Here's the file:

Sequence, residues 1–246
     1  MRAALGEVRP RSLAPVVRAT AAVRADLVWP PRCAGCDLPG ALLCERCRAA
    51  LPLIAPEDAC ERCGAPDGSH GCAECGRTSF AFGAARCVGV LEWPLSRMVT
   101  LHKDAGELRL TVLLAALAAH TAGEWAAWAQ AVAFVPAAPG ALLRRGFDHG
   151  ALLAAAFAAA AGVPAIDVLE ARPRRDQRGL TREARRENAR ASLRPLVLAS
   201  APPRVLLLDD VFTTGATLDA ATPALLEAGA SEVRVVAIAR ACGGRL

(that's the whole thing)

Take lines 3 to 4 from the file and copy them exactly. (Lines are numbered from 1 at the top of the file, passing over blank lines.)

    51  LPLIAPEDAC ERCGAPDGSH GCAECGRTSF AFGAARCVGV LEWPLSRMVT
   101  LHKDAGELRL TVLLAALAAH TAGEWAAWAQ AVAFVPAAPG ALLRRGFDHG